Types of exercise

To maintain or improve your health, adults need to do aerobic and strength exercises every week.

As a minimum adults aged 19-64 should try to be active daily and should do:

  • at least 150 minutes of moderate aerobic activity such as cycling or fast walking every week, and  
  • strength exercises on two or more days a week that work all the major muscles (legs, hips, back, abdomen, chest, shoulders and arms).  

or

  • 75 minutes of vigorous aerobic activity, such as running or a game of singles tennis every week, and
  • strength exercises on two or more days a week that work all the major muscles (legs, hips, back, abdomen, chest, shoulders and arms). 

or

  • A mix of moderate and vigorous aerobic activity every week. For example, two 30-minute runs plus 30 minutes of fast walking equates to 150 minutes of moderate aerobic activity, and
  • strength exercises on two or more days a week that work all the major muscles (legs, hips, back, abdomen, chest, shoulders and arms).  

One way you can achieve 150 minutes of weekly physical activity is to do 30 minutes on 5 days a week. 

Aerobic activities

Aerobic physical activity helps to protect and maintain heart, lung and circulatory health, thereby reducing your risk of ill health as well as enhancing your mental health and wellbeing and helping you to maintain a healthy body weight.

What counts as moderate activity?

Moderate aerobic activity will increase your heart rate and make you breathe faster than normal and feel warmer. This can include:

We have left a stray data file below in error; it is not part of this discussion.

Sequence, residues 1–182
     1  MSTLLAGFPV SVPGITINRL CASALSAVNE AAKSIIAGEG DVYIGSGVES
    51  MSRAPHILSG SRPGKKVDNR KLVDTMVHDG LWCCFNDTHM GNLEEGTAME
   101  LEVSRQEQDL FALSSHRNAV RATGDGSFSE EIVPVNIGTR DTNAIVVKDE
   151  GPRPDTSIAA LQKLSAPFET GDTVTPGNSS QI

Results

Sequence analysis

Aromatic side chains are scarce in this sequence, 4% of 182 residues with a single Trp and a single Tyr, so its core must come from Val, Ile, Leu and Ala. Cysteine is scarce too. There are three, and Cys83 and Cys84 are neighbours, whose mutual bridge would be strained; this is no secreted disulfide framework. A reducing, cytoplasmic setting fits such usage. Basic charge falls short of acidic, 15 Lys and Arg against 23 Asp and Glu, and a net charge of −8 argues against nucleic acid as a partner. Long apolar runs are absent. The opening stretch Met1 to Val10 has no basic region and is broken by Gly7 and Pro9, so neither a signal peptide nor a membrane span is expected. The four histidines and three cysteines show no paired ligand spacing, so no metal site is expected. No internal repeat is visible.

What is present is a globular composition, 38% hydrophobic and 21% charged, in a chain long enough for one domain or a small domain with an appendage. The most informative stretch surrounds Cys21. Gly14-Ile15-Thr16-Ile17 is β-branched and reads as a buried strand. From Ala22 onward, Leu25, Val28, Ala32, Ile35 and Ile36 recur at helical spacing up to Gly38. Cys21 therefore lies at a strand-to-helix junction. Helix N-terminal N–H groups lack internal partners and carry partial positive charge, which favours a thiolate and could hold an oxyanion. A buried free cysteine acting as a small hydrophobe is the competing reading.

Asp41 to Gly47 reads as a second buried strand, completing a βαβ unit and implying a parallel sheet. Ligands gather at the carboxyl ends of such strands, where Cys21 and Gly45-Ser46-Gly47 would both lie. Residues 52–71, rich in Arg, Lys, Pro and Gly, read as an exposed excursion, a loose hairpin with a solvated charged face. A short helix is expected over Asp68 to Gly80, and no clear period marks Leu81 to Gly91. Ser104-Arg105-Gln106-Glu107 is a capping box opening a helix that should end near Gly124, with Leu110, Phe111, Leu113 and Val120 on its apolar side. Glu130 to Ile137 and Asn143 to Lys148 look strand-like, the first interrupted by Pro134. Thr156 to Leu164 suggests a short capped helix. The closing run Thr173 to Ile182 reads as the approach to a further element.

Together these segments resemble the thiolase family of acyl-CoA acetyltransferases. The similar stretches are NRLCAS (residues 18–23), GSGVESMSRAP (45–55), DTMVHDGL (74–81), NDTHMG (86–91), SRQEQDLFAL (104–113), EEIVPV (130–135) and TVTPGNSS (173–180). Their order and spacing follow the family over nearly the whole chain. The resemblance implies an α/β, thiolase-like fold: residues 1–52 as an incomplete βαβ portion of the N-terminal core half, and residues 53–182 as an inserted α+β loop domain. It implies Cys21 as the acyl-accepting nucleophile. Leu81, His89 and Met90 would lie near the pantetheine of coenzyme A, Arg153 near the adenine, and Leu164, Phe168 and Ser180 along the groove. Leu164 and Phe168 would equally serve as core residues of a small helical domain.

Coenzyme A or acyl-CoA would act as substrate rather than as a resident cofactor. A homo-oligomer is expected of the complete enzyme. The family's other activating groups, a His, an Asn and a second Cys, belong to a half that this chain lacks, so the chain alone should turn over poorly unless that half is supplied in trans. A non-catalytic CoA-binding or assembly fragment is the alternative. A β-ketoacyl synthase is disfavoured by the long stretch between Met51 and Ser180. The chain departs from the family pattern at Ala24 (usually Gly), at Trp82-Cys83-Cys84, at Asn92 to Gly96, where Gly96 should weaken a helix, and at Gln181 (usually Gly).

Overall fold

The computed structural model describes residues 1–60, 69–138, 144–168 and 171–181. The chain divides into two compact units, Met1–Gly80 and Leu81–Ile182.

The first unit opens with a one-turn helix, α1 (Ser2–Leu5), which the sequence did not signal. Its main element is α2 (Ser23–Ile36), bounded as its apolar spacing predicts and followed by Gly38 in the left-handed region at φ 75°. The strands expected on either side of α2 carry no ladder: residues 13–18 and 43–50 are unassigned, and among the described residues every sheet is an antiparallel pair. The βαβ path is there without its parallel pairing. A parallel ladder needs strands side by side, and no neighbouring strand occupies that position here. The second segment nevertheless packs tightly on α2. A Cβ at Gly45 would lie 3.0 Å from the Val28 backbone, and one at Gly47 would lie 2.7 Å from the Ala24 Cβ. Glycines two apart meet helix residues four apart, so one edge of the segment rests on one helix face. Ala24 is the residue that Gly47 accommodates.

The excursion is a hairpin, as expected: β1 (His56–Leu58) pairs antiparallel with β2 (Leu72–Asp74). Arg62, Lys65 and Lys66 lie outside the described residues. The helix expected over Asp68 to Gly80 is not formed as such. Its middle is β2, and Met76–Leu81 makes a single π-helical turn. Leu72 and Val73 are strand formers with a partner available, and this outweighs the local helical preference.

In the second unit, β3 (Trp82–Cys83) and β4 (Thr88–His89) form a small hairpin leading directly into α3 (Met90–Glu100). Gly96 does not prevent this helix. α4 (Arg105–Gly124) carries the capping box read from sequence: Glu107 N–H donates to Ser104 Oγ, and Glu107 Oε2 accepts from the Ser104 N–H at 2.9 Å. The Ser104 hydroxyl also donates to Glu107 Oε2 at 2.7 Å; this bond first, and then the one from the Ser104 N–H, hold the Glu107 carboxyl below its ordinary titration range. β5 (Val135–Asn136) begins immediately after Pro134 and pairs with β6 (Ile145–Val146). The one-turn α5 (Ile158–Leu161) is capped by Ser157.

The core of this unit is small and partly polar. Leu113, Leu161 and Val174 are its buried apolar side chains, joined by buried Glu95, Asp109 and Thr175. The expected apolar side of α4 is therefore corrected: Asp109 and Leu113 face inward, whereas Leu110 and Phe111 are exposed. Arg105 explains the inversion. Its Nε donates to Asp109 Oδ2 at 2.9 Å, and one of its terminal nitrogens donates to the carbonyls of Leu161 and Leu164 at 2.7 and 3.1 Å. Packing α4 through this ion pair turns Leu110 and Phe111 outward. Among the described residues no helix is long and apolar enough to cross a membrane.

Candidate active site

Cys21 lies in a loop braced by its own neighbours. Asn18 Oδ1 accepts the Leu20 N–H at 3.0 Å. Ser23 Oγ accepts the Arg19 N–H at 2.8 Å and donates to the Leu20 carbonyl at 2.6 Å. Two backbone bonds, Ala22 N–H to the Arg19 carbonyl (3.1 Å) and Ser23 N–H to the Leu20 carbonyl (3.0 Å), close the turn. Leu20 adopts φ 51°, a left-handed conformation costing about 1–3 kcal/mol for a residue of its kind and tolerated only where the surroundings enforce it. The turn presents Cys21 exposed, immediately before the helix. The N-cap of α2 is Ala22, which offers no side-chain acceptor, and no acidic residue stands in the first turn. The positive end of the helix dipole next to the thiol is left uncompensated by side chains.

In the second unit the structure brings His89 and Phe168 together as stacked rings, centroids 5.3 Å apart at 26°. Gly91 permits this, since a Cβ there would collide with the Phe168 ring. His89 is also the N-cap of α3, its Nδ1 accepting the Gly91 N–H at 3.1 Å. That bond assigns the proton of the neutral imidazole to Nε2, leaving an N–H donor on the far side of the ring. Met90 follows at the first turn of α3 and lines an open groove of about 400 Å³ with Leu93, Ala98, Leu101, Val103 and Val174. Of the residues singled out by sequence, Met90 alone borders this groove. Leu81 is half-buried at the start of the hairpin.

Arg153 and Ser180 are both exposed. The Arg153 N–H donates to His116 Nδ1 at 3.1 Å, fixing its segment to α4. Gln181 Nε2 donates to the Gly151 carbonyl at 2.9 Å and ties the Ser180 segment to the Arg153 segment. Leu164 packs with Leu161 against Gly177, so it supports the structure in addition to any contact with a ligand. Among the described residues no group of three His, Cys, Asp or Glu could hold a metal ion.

It can also include more simple things like pushing a lawnmower, painting and decorating or heavy gardening.

Anything that isn't intense enough to increase your heart rate and breathing speed, like day to day housework or cooking, doesn't count towards your recommended amount of activity, although if it breaks up long periods of sitting it is still beneficial.

One way to tell if you're working at a moderate level is to try the ‘walkie, talkie test’. For example when walking briskly if you can still talk, but you can't sing the words to a song you are working at a moderate intensity. However if you are struggling to say more than a few words between breaths then you are likely to be working vigorously.

What counts as vigorous activity?

Vigorous physical activity can bring health benefits over and above that of moderate activity. During vigorous physical activity your heart will beat faster and your breathing rate will also increase. You’ll know when you are being vigorously active as, unlike moderate activity you won't be able to say more than a few words without pausing for breath. They’ll be no singing during the ‘walkie talkie test’.

Moderate and vigorous intensity is subjective, what is moderate to one person may be vigorous to another. It all depends on how fit you are. Generally, the types of activity that require vigorous effort for most people include:

In general, 75 minutes of vigorous activity can give similar health benefits to 150 minutes of moderate activity. Or simply one minute of vigorous is equal to two minutes of moderate activity. Therefore, the more you do, the greater the benefit to your health. 

Muscle strengthening activities

Muscle strength is necessary in order to build and maintain strong bones so that we can easily do everyday tasks. It also regulates blood sugar and blood pressure and helps us to maintain a healthy weight.

Muscle strengthening activities are counted in repetitions and sets. A repetition is one complete movement of an activity, like a bicep curl, sit-up or push-up. A set is a group of repetitions. Muscle strengthening activities are not considered an aerobic activity, so should be done in addition to them.

Muscle strengthening activities may sound like they have to be intense, however activities focused on improving flexibility and mobility in your muscles also count towards your recommended amount. As long as you start off slowly and at pace that feels comfortable you can build up to more intense strengthening or muscle building activity if you wish.

Strength exercises include:

Some activities count as both an aerobic activity and a muscle-strengthening activity, such as:

  • circuit training
  • aerobics
  • running